Excel is really useful, you can use it for all sorts. Need to make a list of actions? Quickly draw up a schedule? View financial data in a pivot chart? With Excel you can do this really quickly. If you need to make a formal letter or write a report, then Microsoft Word is your friend. Both of these programs can do just about anything, similar to a Swiss Army knife.But can you test software with Excel? Well that depends. Can you cut down a tree with a pocket knife? Eventually you will succeed. However we think that testing software with Excel or Word really can’t be done anymore. Here we list 5 reasons why.
1. Excel and Word can do everything, and anything goes with them.
Create a test script in Excel with test cases and a number of test steps and distribute this among your testers. All is going well until someone discovers that you can also add comments in a different column. All the formatting features seem to work too. This means that users have the freedom to manipulate all the cells. Before you know it your test script has become complete and utter chaos. This makes for a poor starting point for structured testing.
2. Excel is a computing genius, but it isn’t a strategist
Excel is not just a calculator but it has hundreds of functions for statistics, logic and text manipulation and much more. An analysis of your results is therefore made very simple. But what if you, as a test manager, want to know how the overall test process is going? Or if you want to know what the average resolution time is per supplier? Do you then link all your loose sheets in Excel together? What if you want to compare multiple years of results, is that possible? Excel is fine for a nice short term approach, but it isn’t a big data solution. That’s something Excel was never made for.
3. Is testing with Excel safe?
Have you ever wondered what test results give away? A screenshot of your primary system or a test phase in your work process for example? Test phases, test results and issues need to be protected, even if they have been made completely anonymous. It wouldn’t be the first time that software testing leads to a data leak. Securing this data in a Word document is not so easy. A password in an Office document is easily cracked. Encryption using Sharepoint or OneDrive is better, but is not the best solution because you can either access the document or you can’t. And after all this if you receive such a document, what’s stopping you from quickly sending it to yourself when no one is looking?
4. You always have Excel at hand, but are your test results and issues complete?
Before we had Office in the Cloud and portals for working from home all your documents were on the network drive of your organisation. Fortunately, that is not the case anymore. Yet it can be difficult to keep such documents in the right place. For example, a tester downloads the test script on their desktop because that’s a bit easier and quicker to open. A supplier writes you an e-mail about an issue because he can’t get to the Sharepoint location. Those print screens have been made but they are in a folder which hasn’t been shared with you. Information can quickly become fragmented and it’s difficult to keep track of all the different changes.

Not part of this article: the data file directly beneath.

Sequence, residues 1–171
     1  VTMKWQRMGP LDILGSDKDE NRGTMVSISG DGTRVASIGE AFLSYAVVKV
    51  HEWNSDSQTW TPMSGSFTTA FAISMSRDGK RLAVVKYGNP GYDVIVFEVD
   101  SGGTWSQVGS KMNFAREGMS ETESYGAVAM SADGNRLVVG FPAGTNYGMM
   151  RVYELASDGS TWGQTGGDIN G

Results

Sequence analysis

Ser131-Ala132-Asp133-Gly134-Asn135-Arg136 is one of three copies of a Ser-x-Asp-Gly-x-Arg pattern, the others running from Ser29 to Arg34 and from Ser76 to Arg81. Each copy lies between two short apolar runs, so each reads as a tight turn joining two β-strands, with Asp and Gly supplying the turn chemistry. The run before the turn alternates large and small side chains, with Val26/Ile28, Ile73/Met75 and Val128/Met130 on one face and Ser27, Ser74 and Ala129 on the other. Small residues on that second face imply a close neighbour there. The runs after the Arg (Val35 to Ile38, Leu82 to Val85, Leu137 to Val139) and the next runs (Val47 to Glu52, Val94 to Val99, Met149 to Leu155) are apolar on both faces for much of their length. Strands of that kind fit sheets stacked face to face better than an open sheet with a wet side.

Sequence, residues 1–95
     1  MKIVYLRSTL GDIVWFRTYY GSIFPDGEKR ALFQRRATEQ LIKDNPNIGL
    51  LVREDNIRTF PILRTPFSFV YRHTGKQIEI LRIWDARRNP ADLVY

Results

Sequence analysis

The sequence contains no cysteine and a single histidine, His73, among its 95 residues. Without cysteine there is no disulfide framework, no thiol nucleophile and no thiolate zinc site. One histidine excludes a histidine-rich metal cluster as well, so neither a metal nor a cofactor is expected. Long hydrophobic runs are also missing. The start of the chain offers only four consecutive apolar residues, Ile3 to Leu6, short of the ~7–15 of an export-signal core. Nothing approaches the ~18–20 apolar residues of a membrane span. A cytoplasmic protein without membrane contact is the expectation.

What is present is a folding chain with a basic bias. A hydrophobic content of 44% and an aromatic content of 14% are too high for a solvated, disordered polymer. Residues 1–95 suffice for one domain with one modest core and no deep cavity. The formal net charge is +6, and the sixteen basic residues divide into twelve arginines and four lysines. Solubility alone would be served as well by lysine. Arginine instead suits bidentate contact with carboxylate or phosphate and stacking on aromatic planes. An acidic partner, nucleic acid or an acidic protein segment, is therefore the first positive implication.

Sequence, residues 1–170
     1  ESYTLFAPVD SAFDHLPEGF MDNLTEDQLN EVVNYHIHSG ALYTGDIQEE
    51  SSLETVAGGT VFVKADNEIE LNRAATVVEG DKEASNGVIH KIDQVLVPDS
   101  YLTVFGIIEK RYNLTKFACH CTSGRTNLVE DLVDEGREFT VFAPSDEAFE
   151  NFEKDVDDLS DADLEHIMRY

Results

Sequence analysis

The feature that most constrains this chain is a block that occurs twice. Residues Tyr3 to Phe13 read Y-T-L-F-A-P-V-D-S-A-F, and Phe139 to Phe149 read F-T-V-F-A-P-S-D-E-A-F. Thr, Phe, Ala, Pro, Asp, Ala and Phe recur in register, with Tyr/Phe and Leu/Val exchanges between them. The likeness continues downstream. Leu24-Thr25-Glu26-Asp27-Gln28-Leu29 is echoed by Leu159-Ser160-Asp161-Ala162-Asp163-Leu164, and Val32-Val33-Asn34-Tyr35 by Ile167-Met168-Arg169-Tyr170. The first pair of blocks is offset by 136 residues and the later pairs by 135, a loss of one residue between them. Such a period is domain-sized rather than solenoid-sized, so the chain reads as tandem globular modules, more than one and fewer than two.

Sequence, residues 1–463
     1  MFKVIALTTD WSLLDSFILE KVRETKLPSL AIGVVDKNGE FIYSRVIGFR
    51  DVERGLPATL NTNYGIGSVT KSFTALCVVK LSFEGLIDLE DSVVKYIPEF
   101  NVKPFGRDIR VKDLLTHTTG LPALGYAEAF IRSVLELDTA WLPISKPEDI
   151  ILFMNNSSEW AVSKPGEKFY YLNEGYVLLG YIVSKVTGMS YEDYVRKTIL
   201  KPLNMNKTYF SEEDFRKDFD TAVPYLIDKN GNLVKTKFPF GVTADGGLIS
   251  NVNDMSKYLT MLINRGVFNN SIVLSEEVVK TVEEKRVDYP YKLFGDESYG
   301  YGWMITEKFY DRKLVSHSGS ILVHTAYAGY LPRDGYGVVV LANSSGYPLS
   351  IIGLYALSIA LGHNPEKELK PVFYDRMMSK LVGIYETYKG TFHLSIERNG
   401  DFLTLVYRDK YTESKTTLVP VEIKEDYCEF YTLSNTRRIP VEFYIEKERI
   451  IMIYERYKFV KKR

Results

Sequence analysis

5. Auditing: every test result is safe and can be traced
Software acceptance testing is a tough job with a lot of responsibility for the accepting party. Has everything been tested? Is all the data correct and completed by the appropriate people? Was every issue dealt with properly? When it comes to tracking changes in Word documents, there are few options. “Track Changes” is convenient, but soon becomes cluttered. Maintaining a file archive is possible, but it will also soon become unmanageable: issues_20161201_final2.xls is now the latest version or was it a different document? Convincing an auditing party of data integrity and traceability is an impossible task using these methods.
A real shame?
Is testing with Word and Excel actually a real shame? No, because testing software is always better than doing nothing at all – “it’s the taking part that counts, not winning”.
A test phase can be made in 10 minutes, but you will lose out on time and make costs for the time needed to keep a grip on larger projects.
But therein lies our most import message as well as to why you should move away from these two all-rounders: a test phase can be made in 10 minutes, but you will lose out on time and make costs for the time needed to keep a grip on larger projects.
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